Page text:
¶ 9 In Deckard v. Joiner, 44 Ill.2d 412, 417 (1970), the supreme court determined that a judgment in a paternity action becomes final after the circuit court enters an order of paternity and an order fixing the amount of support the defendant is to pay. The supreme court so found even though the circuit court had retained jurisdiction of the cause to enter new orders for support, maintenance, etc., finding that such issues of support were merely incidental to the other matters. Deckard, 44 Ill.2d at 416–17. In accordance with that decision, this court similarly found that entry of an order of paternity and an order fixing the amount of child support constitutes a final order in a paternity action even where the court reserves collateral matters such as a request for retroactive child support expenses during pregnancy. Watkins v. Martin, 115 Ill.App.3d 417, 419 (1983).
¶ 10 In this case, the circuit court entered an order of parentage on April 27, 2010, and permanently fixed the amount of child support respondent was to pay on July 9, 2010, thereby rendering a final judgment despite reserving the issue of respondent's liability for retroactive support payments. Watkins, 115 Ill.App.3d at 419. Petitioner, however, did not file a notice of appeal seeking review of that permanent child support order until February 16, 2011, seven months after the judgment was entered and thus well outside the prescribed 30–day time limit. Ill. S.Ct. R. 303(a)(1) (eff. May 30, 2008). In addition, we observe that petitioner's filing of a verified petition for modification after the time to appeal had passed did not render the permanent child support order interlocutory. Deckard, 44 Ill.2d at 417. Under these circumstances, we are without jurisdiction to review the permanent child support order of July 9, 2010. Deckard, 44 Ill.2d at 417.
¶ 11 Petitioner next contends that the circuit court erred in dismissing her verified petition for modification. She claims that she demonstrated the requisite inconsistency between the amount of child support ordered by the court and the amount resulting from application of the guidelines set forth in section 505 of the Marriage Act to warrant a modification under section 510(a)(2)(A) of the Marriage Act. Because this claim involves the construction and application of a statute, our review is de novo. Blum v. Koster, 235 Ill.2d 21, 44 (2009).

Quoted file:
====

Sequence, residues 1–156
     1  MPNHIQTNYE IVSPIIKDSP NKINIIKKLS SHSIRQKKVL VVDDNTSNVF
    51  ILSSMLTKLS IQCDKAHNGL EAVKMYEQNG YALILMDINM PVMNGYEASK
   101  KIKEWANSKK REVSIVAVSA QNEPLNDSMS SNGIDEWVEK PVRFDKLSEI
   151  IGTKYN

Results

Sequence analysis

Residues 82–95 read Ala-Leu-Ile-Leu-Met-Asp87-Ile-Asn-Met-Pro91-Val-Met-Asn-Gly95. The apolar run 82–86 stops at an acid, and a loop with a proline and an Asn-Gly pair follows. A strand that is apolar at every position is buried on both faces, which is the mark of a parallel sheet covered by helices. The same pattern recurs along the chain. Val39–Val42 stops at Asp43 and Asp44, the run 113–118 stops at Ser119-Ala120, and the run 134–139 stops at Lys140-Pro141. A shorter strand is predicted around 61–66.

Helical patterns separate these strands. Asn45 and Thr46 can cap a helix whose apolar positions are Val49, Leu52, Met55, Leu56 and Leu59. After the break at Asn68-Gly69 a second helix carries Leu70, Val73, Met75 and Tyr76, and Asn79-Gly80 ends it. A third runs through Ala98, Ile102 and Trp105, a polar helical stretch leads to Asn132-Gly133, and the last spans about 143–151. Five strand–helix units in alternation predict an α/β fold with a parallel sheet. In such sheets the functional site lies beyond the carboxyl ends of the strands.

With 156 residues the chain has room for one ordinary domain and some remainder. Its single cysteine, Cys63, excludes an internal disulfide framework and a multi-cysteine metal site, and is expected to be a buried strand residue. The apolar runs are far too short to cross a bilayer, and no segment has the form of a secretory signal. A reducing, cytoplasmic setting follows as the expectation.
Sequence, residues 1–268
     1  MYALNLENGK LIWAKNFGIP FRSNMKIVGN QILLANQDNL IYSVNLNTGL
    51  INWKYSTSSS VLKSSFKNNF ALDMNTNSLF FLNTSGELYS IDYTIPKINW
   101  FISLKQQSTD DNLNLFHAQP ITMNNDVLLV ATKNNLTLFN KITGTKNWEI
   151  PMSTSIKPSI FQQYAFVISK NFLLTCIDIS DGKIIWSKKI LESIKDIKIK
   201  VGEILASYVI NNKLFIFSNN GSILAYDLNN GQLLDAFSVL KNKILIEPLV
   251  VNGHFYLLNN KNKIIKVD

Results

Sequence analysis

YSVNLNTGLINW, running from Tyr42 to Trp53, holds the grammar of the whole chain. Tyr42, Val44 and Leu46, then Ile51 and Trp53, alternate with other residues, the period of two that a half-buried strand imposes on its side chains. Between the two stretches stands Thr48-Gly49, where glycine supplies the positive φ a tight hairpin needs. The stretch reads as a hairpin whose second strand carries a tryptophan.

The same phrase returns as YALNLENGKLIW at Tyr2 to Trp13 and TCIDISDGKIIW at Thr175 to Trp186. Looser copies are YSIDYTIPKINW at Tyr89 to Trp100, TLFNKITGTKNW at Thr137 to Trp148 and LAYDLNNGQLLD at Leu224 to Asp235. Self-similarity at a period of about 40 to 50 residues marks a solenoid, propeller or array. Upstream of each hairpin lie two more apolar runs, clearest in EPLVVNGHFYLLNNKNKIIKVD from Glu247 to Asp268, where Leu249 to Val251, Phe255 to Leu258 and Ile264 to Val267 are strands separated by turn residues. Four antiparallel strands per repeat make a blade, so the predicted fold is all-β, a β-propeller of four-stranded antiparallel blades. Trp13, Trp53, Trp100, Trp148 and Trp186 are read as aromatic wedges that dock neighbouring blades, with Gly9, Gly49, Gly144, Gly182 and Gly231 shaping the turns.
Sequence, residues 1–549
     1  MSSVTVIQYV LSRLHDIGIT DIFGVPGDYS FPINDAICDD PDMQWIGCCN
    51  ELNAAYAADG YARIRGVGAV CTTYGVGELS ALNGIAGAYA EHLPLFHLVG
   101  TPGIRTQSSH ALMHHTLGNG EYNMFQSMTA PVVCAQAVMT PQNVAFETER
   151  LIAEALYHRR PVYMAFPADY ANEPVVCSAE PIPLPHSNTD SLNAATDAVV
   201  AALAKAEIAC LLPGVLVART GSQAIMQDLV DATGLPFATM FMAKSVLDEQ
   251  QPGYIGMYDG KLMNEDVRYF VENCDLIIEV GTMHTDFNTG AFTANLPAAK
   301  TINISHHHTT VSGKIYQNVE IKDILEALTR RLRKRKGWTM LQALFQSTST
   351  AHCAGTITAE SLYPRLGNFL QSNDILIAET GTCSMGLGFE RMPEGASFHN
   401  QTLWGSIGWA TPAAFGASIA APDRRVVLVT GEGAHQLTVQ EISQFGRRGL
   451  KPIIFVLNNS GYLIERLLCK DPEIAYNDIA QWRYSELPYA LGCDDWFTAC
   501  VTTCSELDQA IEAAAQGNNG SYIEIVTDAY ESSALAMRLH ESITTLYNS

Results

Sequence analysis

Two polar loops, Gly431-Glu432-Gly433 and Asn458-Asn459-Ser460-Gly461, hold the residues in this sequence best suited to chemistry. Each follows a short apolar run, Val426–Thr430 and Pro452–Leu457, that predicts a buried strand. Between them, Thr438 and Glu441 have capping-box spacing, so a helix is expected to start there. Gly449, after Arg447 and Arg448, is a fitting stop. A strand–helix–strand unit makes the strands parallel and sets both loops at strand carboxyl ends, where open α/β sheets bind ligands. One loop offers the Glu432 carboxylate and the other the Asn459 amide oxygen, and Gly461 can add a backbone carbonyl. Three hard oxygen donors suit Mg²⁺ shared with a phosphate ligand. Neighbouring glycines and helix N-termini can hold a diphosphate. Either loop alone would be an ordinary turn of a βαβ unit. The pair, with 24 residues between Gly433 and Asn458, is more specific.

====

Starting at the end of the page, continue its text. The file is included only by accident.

¶ 12 The Illinois Parentage Act of 1984 (Parentage Act) (750 ILCS 45/16 (West 2010)) grants the circuit court continuing jurisdiction to modify a child support order in accordance with section 510 of the Marriage Act. Under section 510(a)(1), the court may modify a child support order upon a showing of a substantial change in circumstances. 750 ILCS 5/510(a)(1) (West 2010). Under section 510(a)(2)(A), the court may modify a child support order upon a showing of an inconsistency of at least 20% between the amount of child support awarded under the existing order and the amount that would result from application of the guidelines set forth in section 505 of the Marriage Act. 750 ILCS 5/510(a)(2)(A) (West 2010). Section 510(a)(2)(A) only applies, however, where a party is receiving child support enforcement services and when at least 36 months have elapsed since the order for child support was entered or last modified. 750 ILCS 5/510(a)(2)(A) (West 2010).
¶ 13 We first note that contrary to petitioner's argument, section 2–615 motions to strike are appropriately utilized in child support proceedings. See McNellis v. O'Connor, 266 Ill.App.3d 1063 (1994). Petitioner has cited no authority, and we have found none, to support her position that allowing section 2–615 motions to be used in child support proceedings would be “extremely bad public policy.” That said, in child support proceedings, as in any case, motions to strike are subject to a specific procedural course of action. See McNellis v. O'Connor, 266 Ill.App.3d 1063, 1068–69 (1994).
¶ 14 In this case, the circuit court entered a permanent, by agreement, child support order on July 9, 2010, awarding bimonthly support payments of $375 for R.B. and A.B. On August 31, 2010, petitioner filed a verified petition for modification, alleging that those child support payments were less than 20% of respondent's monthly income. Petitioner's bare bones motion, however, failed to allege whether she was proceeding under section 510(a)(1) or section 510(a)(2)(A) of the Marriage Act. Specifically, petitioner did not allege a substantial change in circumstances from the time the permanent support order was entered as required under section 510(a)(1). Petitioner also failed to show that she fell within the ambit of section 510(a)(2)(A) as a party receiving child support enforcement services. Additionally, petitioner's request for modification under that section was clearly premature, having been made less than 2 months after the permanent child support order was entered, rather than after the minimum 36 months required by this provision (750 ILCS 5/510(a)(2)(A) (West 2010)). Petitioner before the trial court, and again on appeal, essentially conflates a section 510(a)(1) and a section 510(a)(2)(A) motion by simply stating that the support order did not follow the guidelines. Petitioner ignores the fact that a petition for modification under section 510(a)(2)(A) relying on the guidelines alone cannot be brought within 36 months of the date of the support order. At the same time, simply claiming a deviation from the guidelines alone is not sufficient to allege a substantial change in circumstances under section 510(a)(1), as to so hold would essentially vitiate the section 510(a)(2)(A) 36–month time limitation. As a result, the court did not err in granting respondent's motion to strike where the petition was clearly insufficient to state a cause of action under either section. However, given respondent's decision to proceed by way of a section 2–615 motion to strike, our analysis cannot end there.